Healthcare Revenue Cycle Management Automation Benefits

Best time for automation implementation

One of the most important lessons learned by hospital finance leaders at COVID-19 was the importance of revenue cycle operations innovation and organizational agility. When the government told staff to stay at home, the entire revenue cycle department went on leave. Patient numbers fluctuated to highs and lows without any indicators, causing cash flow problems. The American Hospital Association estimates that hospitals and health systems lost over $300 billion in 2020 alone. Some hospitals, particularly those in rural areas, never recovered completely. During the first three quarters of 2020, 17 rural hospitals were forced to close.

Healthcare organizations that survived the financial crisis were proactive in integrating new processes and technologies. Two years after the outbreak began, these companies have kept moving forward, with automated processes at the center of their efforts. According to 75% of respondents, organizations intend to adapt their revenue cycle processes in response to changing dynamics caused by the pandemic. A major chunk of this tendency can be attributed to automation and continuing work-from-home agreements. Revenue cycle management professionals understand that strong automation solutions boost their revenue cycle operations, allowing them to minimize the impact of interruptions on their workforce and the bottom line.

Build and maintain a core revenue cycle management team

When patient numbers are declining, the last thing any medical finance director wants to do is hire competent revenue cycle personnel only to lay them off when patient numbers increase again. Although this was the case for many firms in the early phases of the epidemic, the failure to cover overhead staff costs was caused by the volatile nature of claim volumes. Many outstanding people might find work elsewhere after being placed on leave or laid off, thanks to the multiplicity of alternatives given by remote working. Organizations are now looking for ways to recruit and retain top talent while also keeping a close watch on work demands in their operations. Again, automation may be useful.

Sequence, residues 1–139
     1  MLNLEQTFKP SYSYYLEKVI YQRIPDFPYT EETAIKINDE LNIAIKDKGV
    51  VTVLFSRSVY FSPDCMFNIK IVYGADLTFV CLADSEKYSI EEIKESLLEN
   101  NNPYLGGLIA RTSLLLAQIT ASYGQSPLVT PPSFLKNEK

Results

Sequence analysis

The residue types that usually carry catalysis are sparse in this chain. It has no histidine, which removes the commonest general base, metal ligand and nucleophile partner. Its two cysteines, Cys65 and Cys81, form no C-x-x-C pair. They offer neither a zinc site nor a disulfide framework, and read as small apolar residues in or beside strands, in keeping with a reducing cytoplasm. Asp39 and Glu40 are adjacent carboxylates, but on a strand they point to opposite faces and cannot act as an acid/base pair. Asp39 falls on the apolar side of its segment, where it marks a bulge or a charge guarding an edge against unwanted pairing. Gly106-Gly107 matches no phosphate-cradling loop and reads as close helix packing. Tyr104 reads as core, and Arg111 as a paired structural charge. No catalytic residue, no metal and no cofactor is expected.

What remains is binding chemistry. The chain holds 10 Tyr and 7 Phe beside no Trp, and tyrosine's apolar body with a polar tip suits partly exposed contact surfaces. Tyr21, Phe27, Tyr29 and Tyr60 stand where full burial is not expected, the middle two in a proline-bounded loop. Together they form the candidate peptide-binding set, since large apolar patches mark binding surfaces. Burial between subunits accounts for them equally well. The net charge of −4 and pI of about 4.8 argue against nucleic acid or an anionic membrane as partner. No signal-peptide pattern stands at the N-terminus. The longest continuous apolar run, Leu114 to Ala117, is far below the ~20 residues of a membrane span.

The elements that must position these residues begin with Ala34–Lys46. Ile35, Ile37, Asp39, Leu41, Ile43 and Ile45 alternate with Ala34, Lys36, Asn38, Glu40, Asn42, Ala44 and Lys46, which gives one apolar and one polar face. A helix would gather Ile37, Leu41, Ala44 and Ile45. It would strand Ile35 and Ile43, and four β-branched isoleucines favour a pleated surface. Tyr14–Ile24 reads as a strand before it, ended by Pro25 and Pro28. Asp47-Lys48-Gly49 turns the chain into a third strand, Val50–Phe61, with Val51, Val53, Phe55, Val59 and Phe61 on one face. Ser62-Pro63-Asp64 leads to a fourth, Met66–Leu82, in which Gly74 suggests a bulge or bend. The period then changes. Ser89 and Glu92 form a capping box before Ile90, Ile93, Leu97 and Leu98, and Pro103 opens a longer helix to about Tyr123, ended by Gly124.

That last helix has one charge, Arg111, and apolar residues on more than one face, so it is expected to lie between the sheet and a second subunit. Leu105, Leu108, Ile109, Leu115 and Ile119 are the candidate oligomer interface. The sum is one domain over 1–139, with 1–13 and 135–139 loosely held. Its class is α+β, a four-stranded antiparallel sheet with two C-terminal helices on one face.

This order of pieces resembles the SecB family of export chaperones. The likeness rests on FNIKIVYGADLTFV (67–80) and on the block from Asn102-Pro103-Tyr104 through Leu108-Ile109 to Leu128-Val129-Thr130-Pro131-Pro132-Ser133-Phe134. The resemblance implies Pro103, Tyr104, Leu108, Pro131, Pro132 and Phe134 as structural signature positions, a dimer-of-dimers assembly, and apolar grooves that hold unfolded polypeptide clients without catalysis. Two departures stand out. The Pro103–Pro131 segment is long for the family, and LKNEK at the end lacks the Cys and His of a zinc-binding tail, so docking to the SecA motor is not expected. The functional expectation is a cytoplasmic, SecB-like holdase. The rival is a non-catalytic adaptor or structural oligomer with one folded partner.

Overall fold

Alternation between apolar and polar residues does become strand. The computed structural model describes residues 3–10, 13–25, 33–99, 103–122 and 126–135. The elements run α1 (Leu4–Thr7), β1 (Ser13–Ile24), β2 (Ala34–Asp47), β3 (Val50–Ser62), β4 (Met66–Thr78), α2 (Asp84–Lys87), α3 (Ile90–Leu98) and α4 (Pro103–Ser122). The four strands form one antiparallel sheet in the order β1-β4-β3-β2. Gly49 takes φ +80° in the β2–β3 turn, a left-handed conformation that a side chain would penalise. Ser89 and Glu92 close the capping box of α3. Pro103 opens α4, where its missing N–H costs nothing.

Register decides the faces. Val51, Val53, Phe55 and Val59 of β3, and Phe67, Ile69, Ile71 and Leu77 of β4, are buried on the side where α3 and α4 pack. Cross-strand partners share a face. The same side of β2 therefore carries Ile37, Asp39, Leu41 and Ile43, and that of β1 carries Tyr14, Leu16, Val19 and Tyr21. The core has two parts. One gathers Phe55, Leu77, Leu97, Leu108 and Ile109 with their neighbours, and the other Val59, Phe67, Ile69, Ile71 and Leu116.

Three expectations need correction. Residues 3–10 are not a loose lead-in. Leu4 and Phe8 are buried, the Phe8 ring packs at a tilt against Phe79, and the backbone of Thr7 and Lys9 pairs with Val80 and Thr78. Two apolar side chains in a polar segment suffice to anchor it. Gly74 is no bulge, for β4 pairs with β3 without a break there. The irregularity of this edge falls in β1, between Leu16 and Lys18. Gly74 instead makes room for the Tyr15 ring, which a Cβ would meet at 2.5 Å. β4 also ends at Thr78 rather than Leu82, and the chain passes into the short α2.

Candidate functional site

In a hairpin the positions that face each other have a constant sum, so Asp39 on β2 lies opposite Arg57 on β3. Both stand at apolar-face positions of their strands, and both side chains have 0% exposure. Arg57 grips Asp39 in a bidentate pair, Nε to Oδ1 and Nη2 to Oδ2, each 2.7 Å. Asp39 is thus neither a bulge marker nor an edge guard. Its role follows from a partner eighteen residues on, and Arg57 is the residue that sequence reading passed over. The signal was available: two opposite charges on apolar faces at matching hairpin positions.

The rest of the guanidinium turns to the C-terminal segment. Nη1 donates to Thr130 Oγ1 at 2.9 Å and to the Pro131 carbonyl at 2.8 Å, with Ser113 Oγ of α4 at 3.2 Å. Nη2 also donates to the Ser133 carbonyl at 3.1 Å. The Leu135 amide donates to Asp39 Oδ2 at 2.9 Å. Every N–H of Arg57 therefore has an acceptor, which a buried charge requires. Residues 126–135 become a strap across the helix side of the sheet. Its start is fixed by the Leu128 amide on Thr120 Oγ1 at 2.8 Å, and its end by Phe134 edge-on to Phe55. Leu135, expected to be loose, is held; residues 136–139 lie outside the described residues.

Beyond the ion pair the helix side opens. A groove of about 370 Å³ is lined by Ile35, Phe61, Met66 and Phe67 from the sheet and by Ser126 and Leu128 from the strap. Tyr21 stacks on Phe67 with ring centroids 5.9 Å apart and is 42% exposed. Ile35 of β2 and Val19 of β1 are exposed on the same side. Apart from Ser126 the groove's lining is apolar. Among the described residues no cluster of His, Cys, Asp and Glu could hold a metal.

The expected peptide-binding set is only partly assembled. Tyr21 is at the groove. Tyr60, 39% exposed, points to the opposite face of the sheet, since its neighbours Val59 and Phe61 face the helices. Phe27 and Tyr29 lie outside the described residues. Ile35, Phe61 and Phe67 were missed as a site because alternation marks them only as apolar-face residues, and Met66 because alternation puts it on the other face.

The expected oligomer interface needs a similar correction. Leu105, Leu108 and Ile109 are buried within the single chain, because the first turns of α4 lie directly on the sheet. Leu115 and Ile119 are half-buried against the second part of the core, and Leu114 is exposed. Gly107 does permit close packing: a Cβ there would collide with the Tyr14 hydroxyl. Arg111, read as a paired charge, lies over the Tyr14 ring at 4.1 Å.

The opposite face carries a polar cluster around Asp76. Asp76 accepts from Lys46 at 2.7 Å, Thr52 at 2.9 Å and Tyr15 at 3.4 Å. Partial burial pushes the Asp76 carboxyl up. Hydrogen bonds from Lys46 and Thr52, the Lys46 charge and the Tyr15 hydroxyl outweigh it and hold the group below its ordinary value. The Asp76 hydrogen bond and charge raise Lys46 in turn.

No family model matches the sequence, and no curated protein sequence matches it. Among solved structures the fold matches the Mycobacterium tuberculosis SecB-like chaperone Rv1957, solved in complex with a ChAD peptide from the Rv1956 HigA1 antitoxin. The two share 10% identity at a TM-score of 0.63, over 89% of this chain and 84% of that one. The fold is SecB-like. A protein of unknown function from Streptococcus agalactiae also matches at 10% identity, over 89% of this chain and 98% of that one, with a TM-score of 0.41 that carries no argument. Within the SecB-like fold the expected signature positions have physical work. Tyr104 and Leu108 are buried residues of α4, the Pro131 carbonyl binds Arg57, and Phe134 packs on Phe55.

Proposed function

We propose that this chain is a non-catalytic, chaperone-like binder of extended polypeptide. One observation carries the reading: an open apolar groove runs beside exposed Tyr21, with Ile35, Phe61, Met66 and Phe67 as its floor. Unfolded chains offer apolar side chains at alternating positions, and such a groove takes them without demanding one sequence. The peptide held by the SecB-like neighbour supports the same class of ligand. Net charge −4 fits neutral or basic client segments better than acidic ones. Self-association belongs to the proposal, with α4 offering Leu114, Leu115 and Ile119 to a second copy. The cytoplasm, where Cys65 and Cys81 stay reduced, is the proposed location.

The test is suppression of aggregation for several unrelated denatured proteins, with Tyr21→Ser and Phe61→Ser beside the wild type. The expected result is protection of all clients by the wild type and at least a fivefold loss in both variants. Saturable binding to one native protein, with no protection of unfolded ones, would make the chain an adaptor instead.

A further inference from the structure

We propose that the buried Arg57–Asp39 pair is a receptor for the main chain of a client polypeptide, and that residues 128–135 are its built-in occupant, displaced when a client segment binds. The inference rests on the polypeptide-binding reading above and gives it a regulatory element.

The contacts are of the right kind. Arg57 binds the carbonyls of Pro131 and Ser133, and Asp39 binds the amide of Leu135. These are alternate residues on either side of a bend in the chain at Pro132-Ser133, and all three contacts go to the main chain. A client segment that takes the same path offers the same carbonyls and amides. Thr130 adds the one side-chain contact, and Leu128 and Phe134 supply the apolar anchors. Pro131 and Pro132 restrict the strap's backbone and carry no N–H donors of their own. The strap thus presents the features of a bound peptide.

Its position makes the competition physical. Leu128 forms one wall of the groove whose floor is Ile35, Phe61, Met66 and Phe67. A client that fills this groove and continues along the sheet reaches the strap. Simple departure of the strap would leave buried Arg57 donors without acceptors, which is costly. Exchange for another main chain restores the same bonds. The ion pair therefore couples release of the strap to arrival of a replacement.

This strategy, for example, may aid in reducing burnout associated with repetitive, typical revenue cycle duties. The technology only handles cases with a high level of certainty in completion. Automation may also aid in mitigating the challenges associated with unexpected increases in patient load. Vendors’ volume-based pricing structures enable organizations to scale up and down as needed. Finally, it allows for greater flexibility in terms of when and how people work, which is a benefit. Firms can use automation to construct a set of job queues that are always fulfilled, regardless of the difficulties of remote personnel.

Control labor expenses

Labor costs account for a sizable portion of many hospitals’ total operating expenses. Throughout the revenue-generating cycle, a mid-sized health system may employ between 2,500 and 3,000 people. Artificial intelligence-driven automation can take away part of these workers’ employment, allowing businesses to better control labor costs. A revenue cycle automation system could handle the task of 19 full-time employees working at maximum efficiency.

Increase the effectiveness of talent reallocation